- After logging in to Bluemix, you will see your dashboard open. To set up a secure gateway, click Catalog on the top banner and click Secure Gateway under the Integrate category on the Catalog page.
- At the bottom of the Secure Gateway page, click Create to create your own service. You will be setting up your gateway from here.
- In the middle of the page, click ADD GATEWAY and you will see the Add Gateway prompt. Enter your gateway service name and click ADD GATEWAY again.
- Your gateway will be created and the dashboard for the secure gateway will be shown. To set up your secure gateway client, scroll down to the bottom of the dashboard, click the Clients tab, and then click Connect Client.
- The wizard asks how you would like to connect this new gateway. Because we are using a local Windows PC as our on-premises gateway client, select IBM Installer and click the download link next to Windows in the Software Installers list and save the installer package in your workstation.
- Install the secure gateway client by running the EXE file that you have downloaded. In the wizard, you can choose whether you want to run your secure gateway client as a Windows service. If you plan to use the Windows server as the secure gateway client, running it as a Windows service is recommended (because we are installing it to a local PC in this scenario, and clear the Please check this option if you would like the Secure Gateway Client to run as a service and restart automatically check box).
- Enter your gateway ID and security token on the next page of this
wizard. You can find this information on the web page from which you
downloaded the installer. You can copy the values from that web page
and paste them into the wizard as shown in Figure 3. The access
control list (ACL) and log level fields are left blank in this
example. Click Next.
Figure 3. Specifying gateway ID and security token values in the wizard
- Select Yes on the next page to use the client GUI and then you can set password and port for the client. In this scenario, we retain the default values and click Install Client installation begins.
- When the status shows Completed, click Close to end the wizard. You have now installed the client.
- Next, set up the gateway service on Bluemix. Close the web page from where you have downloaded the installer. On the Destinations tab, click the plus mark to add the destination.
- The wizard to add the destination starts. For this scenario, REST-based web services on IBM i that we will be calling is running on the on-premises IBM i server, and therefore, select On-Premise for Where is your resource located? and click Next.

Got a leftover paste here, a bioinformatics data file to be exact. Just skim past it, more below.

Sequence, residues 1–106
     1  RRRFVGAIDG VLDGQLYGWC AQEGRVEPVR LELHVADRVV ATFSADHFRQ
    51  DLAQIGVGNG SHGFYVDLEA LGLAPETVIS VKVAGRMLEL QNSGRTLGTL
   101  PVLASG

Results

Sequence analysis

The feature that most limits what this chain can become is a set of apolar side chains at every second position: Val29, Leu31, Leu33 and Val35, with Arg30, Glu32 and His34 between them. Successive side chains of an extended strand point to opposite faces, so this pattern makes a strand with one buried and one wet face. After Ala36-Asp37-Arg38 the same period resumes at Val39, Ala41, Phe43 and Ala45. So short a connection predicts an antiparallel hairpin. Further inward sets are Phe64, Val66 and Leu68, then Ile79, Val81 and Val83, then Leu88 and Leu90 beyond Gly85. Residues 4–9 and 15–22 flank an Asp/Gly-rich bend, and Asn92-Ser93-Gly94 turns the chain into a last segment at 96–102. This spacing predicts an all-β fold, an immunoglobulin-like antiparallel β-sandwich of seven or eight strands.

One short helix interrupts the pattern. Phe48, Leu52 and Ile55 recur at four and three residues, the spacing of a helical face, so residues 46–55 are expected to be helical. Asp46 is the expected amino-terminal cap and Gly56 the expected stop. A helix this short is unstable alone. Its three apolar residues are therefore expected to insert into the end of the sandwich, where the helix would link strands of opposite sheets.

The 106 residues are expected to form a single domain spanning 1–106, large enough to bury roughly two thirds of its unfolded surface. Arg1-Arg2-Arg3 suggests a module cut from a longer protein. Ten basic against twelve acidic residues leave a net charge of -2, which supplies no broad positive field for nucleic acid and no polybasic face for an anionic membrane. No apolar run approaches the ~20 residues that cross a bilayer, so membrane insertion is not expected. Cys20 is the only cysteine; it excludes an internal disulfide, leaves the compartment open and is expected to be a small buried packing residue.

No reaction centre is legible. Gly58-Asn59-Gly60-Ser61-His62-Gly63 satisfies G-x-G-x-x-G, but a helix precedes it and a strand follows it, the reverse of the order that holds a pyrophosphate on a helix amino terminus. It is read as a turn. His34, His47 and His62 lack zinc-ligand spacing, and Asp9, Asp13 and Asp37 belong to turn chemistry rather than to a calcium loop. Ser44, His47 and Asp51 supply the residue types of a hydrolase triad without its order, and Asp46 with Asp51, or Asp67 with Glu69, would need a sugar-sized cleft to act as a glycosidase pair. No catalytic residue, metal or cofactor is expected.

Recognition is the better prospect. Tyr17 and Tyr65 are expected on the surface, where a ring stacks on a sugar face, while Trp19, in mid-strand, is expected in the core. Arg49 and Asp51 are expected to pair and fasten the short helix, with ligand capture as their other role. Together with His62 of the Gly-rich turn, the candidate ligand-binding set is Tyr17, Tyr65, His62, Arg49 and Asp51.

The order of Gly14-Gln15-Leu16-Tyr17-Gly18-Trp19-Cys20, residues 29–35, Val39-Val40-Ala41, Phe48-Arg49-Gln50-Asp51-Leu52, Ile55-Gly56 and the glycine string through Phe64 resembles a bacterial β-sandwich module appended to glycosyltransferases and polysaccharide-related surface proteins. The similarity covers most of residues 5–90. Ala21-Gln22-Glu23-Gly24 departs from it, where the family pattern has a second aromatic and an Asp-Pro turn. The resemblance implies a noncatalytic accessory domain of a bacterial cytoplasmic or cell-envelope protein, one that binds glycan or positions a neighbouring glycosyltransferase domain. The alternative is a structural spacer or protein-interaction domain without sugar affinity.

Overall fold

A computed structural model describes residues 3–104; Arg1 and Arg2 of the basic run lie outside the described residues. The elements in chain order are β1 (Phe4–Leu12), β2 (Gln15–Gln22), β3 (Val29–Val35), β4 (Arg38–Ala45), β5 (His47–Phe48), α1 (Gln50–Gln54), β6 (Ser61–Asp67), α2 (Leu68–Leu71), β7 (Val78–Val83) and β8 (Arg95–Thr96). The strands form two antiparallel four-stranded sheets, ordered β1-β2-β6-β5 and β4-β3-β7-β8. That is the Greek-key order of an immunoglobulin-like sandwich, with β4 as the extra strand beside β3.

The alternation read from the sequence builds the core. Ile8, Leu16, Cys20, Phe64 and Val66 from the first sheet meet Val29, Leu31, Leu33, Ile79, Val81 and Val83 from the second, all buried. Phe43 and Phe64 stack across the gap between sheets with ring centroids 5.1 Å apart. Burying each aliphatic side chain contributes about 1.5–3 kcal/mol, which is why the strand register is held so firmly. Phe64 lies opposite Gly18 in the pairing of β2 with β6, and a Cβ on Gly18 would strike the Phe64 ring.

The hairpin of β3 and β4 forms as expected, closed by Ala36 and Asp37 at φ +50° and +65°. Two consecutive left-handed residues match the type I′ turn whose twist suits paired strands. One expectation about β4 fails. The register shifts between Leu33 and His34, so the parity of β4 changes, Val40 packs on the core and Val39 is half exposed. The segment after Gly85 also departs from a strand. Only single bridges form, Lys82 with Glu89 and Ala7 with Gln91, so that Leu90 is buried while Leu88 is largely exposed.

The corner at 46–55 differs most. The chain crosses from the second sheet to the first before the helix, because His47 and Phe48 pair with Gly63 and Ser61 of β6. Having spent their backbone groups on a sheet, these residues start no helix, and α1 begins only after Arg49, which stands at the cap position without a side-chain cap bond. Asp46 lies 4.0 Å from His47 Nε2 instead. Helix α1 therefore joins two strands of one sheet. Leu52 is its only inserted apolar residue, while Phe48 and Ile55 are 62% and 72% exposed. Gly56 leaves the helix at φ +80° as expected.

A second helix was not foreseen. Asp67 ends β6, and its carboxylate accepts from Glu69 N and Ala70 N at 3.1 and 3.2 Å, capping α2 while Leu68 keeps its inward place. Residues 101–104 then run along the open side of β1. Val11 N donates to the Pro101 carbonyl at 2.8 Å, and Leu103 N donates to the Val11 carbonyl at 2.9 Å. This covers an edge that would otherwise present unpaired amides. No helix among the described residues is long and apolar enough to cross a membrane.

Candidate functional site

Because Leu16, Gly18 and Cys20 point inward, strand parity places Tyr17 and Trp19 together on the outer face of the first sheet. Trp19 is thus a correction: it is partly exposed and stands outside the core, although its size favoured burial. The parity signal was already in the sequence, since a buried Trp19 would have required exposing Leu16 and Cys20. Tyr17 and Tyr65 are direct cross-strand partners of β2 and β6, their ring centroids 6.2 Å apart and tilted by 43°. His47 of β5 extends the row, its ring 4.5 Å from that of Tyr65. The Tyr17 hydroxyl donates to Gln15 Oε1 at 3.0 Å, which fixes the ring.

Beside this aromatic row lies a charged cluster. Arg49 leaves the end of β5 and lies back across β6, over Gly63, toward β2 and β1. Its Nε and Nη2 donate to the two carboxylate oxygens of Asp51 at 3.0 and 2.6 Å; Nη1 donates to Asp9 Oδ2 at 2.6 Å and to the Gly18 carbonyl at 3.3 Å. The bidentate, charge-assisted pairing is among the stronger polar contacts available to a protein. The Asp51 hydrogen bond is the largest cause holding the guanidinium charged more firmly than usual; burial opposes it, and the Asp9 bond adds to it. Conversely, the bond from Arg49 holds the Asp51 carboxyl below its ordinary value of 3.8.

- On the second page, enter the host name and port number for your integrated web services server that will be hosting your REST web service and click Next.
- Specify the protocol that you will use to connect to the destination at the third page. For protocol access to your destination, you have a choice of Mutual Auth HTTPS for mutual authentication. But in this scenario, we select simple HTTPS and click Next.
- We will be using authentication on the destination. So select Destination-Side and click UPLOAD CERTIFICATES.
- In the upload window, select the certificate file (*.crt) that you
have downloaded earlier and click Open. Check that
your certificate appears as shown in Figure 4 and click
Figure 4. Specifying the certificate in the wizard
- You can then specify the range of IP addresses to connect, but in this scenario, retain the default values and click Next. After entering a name for the destination, click Finish.
- Notice that the destination you have just created is displayed under
Destinations (as shown in Figure 5). You are now
ready with a secure gateway server.
Figure 5. Destination you have just created
- Let's see if you can access from your local PC. In your local PC, click Start -> AllPrograms -> IBM -> SecureGateway. Right-click Secure Gateway and click Run it as an administrator.
- You will be asked if you are going to use the configuration file, securegw_service.config, when starting the secure gateway client. Information about the gateway ID that you have entered while installing the client is written in your configuration file. Reply with y and press Enter.
- The Secure Gateway Client GUI opens within your web browser. Click